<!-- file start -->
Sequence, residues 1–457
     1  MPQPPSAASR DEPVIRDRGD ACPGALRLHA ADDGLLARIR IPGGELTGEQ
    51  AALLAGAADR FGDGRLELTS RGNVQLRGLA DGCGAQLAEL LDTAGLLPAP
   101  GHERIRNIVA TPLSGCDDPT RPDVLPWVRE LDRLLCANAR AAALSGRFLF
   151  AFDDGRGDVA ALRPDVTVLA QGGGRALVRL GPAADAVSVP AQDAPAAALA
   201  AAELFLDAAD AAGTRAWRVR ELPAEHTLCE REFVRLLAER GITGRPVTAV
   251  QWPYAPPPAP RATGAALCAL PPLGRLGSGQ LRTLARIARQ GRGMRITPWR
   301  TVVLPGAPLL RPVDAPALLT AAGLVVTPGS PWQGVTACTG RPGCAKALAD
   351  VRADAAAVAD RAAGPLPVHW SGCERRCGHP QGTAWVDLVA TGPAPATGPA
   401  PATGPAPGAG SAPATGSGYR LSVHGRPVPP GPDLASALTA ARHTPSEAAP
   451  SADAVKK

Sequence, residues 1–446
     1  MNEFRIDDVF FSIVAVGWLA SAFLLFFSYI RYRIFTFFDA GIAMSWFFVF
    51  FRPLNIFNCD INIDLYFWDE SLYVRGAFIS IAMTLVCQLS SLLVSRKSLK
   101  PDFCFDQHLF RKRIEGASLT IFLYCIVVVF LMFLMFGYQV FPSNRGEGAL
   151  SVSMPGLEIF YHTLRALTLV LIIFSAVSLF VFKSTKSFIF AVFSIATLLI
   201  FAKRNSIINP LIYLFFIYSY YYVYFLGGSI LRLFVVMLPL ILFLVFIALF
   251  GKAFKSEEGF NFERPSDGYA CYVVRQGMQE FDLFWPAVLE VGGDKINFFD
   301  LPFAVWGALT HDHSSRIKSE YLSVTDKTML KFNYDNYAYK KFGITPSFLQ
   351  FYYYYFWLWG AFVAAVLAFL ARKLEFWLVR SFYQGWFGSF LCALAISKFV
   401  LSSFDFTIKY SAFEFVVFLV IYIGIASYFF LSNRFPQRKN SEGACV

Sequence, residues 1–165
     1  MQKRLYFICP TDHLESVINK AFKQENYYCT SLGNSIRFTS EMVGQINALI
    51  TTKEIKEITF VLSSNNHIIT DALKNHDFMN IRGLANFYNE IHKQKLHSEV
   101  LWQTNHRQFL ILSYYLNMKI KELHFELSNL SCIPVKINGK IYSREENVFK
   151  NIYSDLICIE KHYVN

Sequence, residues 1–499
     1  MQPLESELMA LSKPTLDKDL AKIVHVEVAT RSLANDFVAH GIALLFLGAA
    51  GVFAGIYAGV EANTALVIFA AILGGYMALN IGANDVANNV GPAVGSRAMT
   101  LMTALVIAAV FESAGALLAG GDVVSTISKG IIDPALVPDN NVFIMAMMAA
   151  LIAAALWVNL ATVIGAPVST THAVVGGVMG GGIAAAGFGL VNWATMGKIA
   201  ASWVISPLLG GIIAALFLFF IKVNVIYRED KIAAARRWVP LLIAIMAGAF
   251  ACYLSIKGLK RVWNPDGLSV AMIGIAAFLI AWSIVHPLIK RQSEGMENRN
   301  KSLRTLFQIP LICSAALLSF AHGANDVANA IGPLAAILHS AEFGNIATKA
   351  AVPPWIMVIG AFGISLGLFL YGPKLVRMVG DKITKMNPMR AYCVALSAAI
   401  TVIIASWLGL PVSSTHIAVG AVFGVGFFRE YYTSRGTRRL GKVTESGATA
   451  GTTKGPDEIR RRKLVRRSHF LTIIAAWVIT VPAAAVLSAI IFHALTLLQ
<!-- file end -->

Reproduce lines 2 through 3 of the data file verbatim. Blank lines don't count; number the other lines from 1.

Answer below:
     1  MPQPPSAASR DEPVIRDRGD ACPGALRLHA ADDGLLARIR IPGGELTGEQ
    51  AALLAGAADR FGDGRLELTS RGNVQLRGLA DGCGAQLAEL LDTAGLLPAP